The COVID-19 pandemic has brought focus to the importance of good health in families, communities, and society. And now, all around the world governments, professionals, activists and communities are discussing and creating ways to recover better from the pandemic.
But in Australia the products and practices of the alcohol industry are a major barrier to pandemic recovery and good health of citizens.
As Movendi International has reported, in 2020 Australian alcohol sales and use increased sharply.
- The Australian Bureau of Statistics (ABS) reported that alcohol retail sales increased by 27% between 2019 and 2020, growing by $3.3 billion.
- Roy Morgan reported, a 7.9% increase in online alcohol sale in Australia.
- In 2020, for the first time in four years the number of Australians consuming alcohol increased. An additional 316,000 Australians consumed alcohol in 2020 compared to 2019.
This boom in online alcohol retail and on-demand delivery in Australia is having life threatening consequences on people. Latest data from ABS showed an 8.3% increase in Australian deaths caused by alcohol in 2020, compared to 2019.
“Jimmy Brings Alcohol” is an alcohol delivery service owned by Endeavour Group, promising alcohol delivery within 30 minutes. The company is currently being investigated for the death of one of their customers.
Endeavor Group is a Big Alcohol giant in Australia. The largest part of its business is ALH Hotels, which owns approximately 30% of pubs across Australia. Other business entities include Cellarmasters, an online and physical retailer of predominantly wine, Jimmy Bring’s (a beverage delivery service in metro areas), Shorty’s Liquor and John Boston beers for BWS and Dan Murphy’s.
The Liquor and Gaming authority of New South Wales (NSW) is investigating the alcohol delivery service for breaking the responsible service laws of the state.
Jimmy Brings delivered almost three bottles of wine everyday to the 49 year old man living in Bondi in the weeks before he died, including two identical orders placed 10 minutes apart.
According to sources, the man spent $24,000 with Jimmy Brings on almost 300 orders in the three years before his death. The increasing number of orders prompted the regulator to scrutinize the coroner’s findings as to how he died.
Endeavour Group has released a statement saying that all drivers working under the Group, including Jimmy Brings, are trained in responsible service. The company claims to have an automated RSA system that red-flags customer orders online that could be high risk. Whether this means Jimmy Brings continued to deliver to a person at high risk knowingly or whether the system simply is not working are questions yet to be answered.
The Foundation for Alcohol Research and Education (FARE) has illustrated the serious problems caused by on-demand alcohol delivery. FARE’s 2020 Annual Alcohol Poll found the majority (70%) of people receiving a rapid alcohol delivery (within 2 hours) consumed alcohol at high-risk levels, including 38% who had more than 10 standard alcoholic beverages on the day of delivery. This is significantly higher than the recommendation in the National Alcohol Guidelines.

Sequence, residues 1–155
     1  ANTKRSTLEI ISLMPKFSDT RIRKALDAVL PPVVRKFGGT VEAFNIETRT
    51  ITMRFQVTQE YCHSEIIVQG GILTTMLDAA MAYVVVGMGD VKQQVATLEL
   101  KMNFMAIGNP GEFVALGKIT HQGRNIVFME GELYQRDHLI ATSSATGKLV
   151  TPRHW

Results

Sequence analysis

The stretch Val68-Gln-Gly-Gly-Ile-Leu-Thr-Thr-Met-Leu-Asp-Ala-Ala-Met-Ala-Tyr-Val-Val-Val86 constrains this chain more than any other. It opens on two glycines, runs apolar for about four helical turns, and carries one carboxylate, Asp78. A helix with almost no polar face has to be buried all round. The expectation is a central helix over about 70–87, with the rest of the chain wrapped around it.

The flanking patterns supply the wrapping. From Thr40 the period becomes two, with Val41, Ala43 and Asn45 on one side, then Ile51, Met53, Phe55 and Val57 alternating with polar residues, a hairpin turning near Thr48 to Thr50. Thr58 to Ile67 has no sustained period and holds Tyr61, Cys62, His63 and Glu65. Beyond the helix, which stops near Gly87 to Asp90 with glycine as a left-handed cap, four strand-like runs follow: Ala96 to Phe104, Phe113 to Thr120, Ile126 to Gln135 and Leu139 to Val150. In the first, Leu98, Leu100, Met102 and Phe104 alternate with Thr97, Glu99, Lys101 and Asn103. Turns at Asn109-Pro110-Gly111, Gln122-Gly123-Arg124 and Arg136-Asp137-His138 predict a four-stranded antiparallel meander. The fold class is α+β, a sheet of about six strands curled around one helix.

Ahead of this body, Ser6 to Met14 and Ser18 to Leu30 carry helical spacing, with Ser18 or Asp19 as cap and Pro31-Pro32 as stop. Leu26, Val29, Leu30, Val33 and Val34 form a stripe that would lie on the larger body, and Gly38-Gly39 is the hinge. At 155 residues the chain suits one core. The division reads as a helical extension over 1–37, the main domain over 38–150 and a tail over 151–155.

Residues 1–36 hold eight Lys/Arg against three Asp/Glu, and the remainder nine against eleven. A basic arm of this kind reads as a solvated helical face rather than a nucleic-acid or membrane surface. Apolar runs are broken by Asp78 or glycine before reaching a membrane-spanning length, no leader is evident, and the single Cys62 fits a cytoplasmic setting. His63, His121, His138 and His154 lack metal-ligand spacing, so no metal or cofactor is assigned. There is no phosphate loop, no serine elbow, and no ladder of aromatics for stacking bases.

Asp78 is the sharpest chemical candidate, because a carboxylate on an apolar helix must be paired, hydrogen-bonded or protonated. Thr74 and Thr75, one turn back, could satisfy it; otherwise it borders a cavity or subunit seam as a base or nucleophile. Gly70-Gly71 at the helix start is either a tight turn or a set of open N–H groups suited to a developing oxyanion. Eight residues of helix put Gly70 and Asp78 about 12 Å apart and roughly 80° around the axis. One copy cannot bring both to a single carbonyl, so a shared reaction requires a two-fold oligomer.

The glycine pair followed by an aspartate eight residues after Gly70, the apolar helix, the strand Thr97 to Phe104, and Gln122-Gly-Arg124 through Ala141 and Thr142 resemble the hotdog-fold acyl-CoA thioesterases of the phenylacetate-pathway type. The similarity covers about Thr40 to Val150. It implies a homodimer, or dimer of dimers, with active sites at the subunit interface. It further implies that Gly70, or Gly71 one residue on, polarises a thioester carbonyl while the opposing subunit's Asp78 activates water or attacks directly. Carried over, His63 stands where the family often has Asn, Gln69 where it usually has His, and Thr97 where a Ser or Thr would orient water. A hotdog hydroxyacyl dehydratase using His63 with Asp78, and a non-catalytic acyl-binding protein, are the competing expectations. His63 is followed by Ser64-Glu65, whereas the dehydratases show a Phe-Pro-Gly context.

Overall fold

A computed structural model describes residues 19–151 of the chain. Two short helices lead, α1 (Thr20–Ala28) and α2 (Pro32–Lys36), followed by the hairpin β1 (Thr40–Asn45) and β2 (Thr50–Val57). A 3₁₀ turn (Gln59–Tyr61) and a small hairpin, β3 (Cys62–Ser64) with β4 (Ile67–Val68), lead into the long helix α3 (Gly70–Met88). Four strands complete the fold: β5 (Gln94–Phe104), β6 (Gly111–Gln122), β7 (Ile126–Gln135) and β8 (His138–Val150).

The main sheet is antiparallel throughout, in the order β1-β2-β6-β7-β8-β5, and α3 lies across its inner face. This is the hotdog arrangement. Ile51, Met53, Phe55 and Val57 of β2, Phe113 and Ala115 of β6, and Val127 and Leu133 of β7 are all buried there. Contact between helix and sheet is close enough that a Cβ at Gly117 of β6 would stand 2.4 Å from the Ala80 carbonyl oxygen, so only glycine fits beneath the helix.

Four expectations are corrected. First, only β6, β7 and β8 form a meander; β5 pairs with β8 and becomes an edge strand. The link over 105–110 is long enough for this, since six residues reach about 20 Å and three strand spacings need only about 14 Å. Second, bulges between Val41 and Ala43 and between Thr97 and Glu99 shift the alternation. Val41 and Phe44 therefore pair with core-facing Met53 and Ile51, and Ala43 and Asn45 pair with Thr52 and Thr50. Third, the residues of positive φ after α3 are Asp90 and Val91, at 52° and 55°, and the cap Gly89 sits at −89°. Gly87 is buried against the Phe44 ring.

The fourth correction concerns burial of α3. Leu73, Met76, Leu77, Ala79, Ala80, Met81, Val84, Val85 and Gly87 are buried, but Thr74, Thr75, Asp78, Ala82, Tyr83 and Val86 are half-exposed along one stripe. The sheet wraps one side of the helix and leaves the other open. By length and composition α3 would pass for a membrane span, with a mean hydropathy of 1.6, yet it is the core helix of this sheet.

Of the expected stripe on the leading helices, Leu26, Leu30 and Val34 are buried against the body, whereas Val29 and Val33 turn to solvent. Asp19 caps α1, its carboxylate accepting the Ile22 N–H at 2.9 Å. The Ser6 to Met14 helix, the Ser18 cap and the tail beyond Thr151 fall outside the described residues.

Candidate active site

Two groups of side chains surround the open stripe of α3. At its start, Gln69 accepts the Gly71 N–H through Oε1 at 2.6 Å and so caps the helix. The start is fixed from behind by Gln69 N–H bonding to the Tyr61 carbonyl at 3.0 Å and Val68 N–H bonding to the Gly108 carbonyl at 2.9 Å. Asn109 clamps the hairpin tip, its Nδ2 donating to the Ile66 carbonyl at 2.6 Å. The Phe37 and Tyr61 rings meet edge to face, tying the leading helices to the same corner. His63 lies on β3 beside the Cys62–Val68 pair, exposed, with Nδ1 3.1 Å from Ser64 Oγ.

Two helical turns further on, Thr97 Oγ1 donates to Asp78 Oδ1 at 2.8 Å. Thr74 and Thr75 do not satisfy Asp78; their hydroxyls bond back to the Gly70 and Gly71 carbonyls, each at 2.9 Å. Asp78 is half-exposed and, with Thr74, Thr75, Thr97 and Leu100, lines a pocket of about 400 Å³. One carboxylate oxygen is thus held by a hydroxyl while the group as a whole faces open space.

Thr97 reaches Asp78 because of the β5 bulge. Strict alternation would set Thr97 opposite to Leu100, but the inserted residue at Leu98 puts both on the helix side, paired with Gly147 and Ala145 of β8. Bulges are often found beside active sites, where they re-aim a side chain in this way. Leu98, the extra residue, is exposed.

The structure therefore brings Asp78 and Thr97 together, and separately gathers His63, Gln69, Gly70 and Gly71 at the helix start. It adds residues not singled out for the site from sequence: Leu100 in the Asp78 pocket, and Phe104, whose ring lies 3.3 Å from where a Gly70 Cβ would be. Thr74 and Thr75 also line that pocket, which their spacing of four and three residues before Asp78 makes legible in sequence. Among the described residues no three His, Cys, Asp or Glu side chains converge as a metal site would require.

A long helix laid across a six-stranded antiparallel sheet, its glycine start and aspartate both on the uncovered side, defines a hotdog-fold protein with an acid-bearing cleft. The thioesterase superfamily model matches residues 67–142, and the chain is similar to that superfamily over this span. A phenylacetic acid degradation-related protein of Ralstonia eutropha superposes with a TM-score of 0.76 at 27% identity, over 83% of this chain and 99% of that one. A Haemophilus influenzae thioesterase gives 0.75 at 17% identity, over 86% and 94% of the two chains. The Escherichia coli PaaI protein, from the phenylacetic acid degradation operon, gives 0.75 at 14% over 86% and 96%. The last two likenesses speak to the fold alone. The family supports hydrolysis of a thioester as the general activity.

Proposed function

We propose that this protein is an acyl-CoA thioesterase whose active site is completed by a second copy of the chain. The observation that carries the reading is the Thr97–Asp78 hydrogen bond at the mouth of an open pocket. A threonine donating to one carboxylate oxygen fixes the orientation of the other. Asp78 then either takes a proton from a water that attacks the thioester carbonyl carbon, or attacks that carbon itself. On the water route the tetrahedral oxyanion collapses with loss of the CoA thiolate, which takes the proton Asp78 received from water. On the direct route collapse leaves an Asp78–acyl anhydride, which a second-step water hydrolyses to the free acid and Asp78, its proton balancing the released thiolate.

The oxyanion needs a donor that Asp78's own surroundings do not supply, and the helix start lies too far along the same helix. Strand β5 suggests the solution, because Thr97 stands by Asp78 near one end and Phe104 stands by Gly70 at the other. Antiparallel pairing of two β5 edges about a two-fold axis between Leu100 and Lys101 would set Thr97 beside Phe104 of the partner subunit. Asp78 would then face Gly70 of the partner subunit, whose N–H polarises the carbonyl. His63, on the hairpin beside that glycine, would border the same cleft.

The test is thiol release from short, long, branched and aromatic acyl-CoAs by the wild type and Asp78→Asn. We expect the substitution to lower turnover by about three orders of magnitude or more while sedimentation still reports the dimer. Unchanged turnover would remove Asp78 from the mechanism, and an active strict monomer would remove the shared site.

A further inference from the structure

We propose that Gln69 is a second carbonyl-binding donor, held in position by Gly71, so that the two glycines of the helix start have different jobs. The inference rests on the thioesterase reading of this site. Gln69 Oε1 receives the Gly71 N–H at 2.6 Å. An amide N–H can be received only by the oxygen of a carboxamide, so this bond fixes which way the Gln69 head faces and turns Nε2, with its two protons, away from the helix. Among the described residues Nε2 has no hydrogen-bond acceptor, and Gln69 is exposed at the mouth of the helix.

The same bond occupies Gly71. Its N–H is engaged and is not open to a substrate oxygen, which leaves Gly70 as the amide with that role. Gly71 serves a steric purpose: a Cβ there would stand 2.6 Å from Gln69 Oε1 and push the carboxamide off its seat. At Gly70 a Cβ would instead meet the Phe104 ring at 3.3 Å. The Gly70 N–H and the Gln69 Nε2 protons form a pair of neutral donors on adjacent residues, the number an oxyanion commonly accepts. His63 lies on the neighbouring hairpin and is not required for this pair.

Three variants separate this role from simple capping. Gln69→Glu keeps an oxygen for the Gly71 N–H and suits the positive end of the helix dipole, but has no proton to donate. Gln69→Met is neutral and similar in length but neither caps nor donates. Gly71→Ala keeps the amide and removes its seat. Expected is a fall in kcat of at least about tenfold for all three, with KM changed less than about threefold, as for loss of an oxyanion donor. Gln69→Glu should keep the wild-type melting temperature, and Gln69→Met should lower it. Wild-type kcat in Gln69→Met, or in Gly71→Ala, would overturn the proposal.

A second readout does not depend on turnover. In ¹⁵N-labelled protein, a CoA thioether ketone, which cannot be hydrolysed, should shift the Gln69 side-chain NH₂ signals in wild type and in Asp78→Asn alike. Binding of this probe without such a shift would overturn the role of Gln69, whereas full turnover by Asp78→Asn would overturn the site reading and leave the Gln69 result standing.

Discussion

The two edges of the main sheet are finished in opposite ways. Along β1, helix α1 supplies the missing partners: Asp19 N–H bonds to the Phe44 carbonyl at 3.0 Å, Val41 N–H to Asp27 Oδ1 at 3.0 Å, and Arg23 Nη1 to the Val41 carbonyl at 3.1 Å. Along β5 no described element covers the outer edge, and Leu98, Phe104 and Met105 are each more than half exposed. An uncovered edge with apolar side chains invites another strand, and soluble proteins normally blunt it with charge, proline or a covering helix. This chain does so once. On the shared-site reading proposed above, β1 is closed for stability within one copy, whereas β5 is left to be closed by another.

Improved alcohol delivery laws still have loopholes
A review of more than 200 online alcohol delivery services in 2018, conducted by researchers from Northern Sydney Local Health District, found:
- Only 5% included a policy on their website relating to the delivery of goods to an already intoxicated person, and
- 60% did not require a customer to prove they were aged 18 years or older.
The recommendations from this review and a government investigation in 2020 in which deliveries were made to schools and playgrounds, sparked improvements to alcohol delivery laws in NSW. The improved laws included:
- Prohibition of same-day deliveries being left unattended;
- Mandating age verification at both the point of purchase and delivery; and
- Requiring all same-day delivery drivers to undertake responsible delivery of alcohol training.
The review’s co-author Paul Klarenaar, Director of Health Promotion at the local health district, said there were concerns about appropriate oversight of the rising number of services in the alcohol delivery industry, noting that the new rules only govern same-day delivery.
Within 2018 and 2021 the number of businesses operating under an online liquor license in NSW increased sharply from 500 to 3000. And during COVID-19 in NSW, small bars and bottle shops were allowed to deliver to homes during lockdown. This means the number of businesses operating online sale and delivery services could be closer to 12,000. But New South Wales has only 8.1 million inhabitants.
Even if the delivery drivers were properly trained in responsible service of alcohol (RSA), it would be extremely difficult to identify an intoxicated person in the brief moment of delivery compared to a bar or restaurant where the staff is constantly in touch with the customers. Nadine Ezard, the Clinical Director of St Vincent’s Hospital’s alcohol and other drugs service says even an expert would be challenged to identify an intoxicated person in the brief interaction a delivery person has with a customer.